- Quote: "There is
nothing in the world worse than a cheap wireless system," Hosch
says. "It's scary when your future is hanging on a $ 1.98
battery. Anytime you can, you should get someone to use a wired mic
over a wireless system." Scheirman adds, "and just remember
that even the best wireless microphone system, a $10,000 system, is
almost as good as a mic cable." (From TCI,
May 1993, page 25).
A wireless microphone system
is a small-scale version of a typical commercial FM broadcasting
system. In a commercial broadcasting system, a radio announcer speaks
into a microphone that is connected to a high-power transmitter in a
fixed location. The transmitted voice is picked up by an FM receiver
and heard through a speaker or headset.
In a wireless microphone
system, the components are miniaturized but the same principles
apply. The transmitter is small enough to fit into the microphone
handle or into a small pocket-sized case. Since the microphone and
transmitter are battery powered, the user is free to move around
while speaking or singing into the mic. The transmitted voice is
picked up by a receiver that is wired to a speaker.
Two types of microphones are
available with wireless mic systems: the handheld mic, with a
transmitter in its handle; and the lavalier mic, which is small
enough to be concealed as a lapel pin or hung around the neck.
Lavalier mics are wired to miniature body-pack transmitters, which
fit into a pocket or clip onto a belt. There is also a transmitter,
designed by Lectrosonics, which accepts any three-pin XLR input and
acts as a wireless mic-- then you can use any mic you want with the transmitter.
Wireless microphones are
widely used today in television and video production. They eliminate
the need for stage personnel to feed cables around cameras, props,
etc. For location film production, as well as ENG (Electronic News
Gathering) and EFP (Electronic Field Production), wireless mics make
it possible to obtain usable first take sound tracks in situations
that previously required post-production dialogue looping. The cost
saving can be significant.
Handheld mics are used by
performers on camera where they provide the freedom needed to move
around the stage and gesture spontaneously. They are used by speakers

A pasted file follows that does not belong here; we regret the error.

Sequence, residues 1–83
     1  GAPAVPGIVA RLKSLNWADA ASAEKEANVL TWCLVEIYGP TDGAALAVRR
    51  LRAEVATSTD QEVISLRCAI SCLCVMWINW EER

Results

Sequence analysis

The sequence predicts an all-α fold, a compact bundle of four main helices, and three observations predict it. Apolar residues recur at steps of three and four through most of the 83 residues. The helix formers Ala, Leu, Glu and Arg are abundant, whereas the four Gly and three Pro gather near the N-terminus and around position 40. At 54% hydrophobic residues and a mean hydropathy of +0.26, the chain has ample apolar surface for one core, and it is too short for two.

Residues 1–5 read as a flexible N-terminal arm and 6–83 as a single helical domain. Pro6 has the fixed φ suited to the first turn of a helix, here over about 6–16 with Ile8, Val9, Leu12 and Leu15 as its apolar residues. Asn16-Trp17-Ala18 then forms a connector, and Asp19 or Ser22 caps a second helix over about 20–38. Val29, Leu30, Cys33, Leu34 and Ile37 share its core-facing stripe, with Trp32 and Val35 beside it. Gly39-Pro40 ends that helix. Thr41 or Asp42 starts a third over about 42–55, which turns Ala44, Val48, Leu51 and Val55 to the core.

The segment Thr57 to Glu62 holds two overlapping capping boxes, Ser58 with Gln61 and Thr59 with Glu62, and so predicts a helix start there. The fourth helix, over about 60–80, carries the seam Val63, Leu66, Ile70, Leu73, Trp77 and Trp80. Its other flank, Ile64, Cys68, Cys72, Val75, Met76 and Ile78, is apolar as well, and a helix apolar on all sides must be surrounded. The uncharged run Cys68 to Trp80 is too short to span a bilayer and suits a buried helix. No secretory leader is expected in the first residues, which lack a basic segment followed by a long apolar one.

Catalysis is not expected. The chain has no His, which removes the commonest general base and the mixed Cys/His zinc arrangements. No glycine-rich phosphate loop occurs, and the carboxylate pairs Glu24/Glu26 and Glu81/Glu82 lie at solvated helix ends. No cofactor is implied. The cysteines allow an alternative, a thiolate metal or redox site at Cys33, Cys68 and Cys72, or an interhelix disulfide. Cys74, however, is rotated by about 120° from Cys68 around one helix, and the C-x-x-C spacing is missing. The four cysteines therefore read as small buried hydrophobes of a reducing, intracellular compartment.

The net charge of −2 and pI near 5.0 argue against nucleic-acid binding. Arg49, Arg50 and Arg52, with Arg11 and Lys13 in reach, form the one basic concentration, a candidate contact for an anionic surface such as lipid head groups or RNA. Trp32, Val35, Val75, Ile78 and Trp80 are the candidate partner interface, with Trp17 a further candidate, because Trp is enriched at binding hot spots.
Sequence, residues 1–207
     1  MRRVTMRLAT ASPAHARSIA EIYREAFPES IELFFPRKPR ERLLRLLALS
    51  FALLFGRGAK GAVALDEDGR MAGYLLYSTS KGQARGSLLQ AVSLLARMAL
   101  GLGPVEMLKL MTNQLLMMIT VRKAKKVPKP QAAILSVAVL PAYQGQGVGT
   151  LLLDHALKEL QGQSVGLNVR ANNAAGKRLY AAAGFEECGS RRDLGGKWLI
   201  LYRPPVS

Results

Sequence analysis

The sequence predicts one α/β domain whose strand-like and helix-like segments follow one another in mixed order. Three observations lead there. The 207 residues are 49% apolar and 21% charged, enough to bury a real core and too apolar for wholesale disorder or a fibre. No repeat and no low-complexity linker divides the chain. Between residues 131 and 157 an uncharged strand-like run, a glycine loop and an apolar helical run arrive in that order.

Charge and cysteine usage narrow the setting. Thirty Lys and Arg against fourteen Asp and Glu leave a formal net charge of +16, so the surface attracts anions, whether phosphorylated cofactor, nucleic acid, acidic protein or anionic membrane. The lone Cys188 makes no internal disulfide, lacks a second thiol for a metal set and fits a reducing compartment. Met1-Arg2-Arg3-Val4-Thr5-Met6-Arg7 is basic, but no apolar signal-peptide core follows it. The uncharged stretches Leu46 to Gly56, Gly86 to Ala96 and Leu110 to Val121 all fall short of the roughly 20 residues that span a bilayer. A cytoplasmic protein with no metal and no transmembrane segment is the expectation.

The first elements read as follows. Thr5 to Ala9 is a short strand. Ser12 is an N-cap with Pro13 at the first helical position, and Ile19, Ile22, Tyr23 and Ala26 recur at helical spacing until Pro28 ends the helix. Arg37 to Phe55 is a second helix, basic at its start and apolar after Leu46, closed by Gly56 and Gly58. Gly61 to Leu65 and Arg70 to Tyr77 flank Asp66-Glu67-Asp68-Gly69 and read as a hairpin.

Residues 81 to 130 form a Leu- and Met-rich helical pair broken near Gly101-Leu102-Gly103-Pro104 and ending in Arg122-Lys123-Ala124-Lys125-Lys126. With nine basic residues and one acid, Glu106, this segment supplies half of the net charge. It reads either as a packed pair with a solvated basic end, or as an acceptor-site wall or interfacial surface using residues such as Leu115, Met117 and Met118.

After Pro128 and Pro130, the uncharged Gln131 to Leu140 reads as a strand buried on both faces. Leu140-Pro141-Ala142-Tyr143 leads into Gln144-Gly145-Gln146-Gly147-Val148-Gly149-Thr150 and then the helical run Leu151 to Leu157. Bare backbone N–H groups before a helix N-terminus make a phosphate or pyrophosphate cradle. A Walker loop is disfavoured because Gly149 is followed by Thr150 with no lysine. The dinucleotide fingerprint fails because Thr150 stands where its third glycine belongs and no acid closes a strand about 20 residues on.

and entertainers who need to pass the mic from one person to another.
In concerts, hand-held wireless mics permit vocalists to walk and
dance around the stage and even into the audience without restriction
and with no chance of shock in the event of rain.
Lavalier mics are used in
game shows, soap operas and dance routines. They eliminate the need
for boom mics and help to alleviate visual clutter. Lavalier mics are
used by MCs, panelists, lecturers, clergy, stage actors, and dancers
because they can be concealed easily and provide hands-free mobility.
Some lavalier transmitter models have high impedance line inputs that
accept cords to create wireless electric guitars.
Technology in the early 1970s
introduced the integrated circuit compandor which was incorporated
into wireless mics to reduce noise. At about the same time, the FCC
authorized the use of frequencies in TV channels 7-13 for wireless
mics. Thus the wireless microphone's most serious problem, radio
interference from other services, was virtually eliminated. Later,
the application of diversity reception minimized the problem of
dropouts (transmission losses due to cancellation of radio waves),
greatly improving system reliability.
Today's wireless mics perform
almost as well as conventional wired mics. In the 1980s, wireless
mics were manufactured with an improved dynamic range and smaller
transmitters, a result of better compandor integrated circuitry and
advanced circuit design techniques. A variety of standard microphones
with different sound characteristics is available.
There are no international
standards for wireless mic radio frequency allocations. Performance
is not controlled for transmitter power limits, frequency stability,
or RF bandwidth occupancy. Wireless mics could therefore,
theoretically, operate at any frequency. Certain frequency bands are
more commonly used. In the United States, the FCC regulates the
operation of wireless mics at specified frequency bands.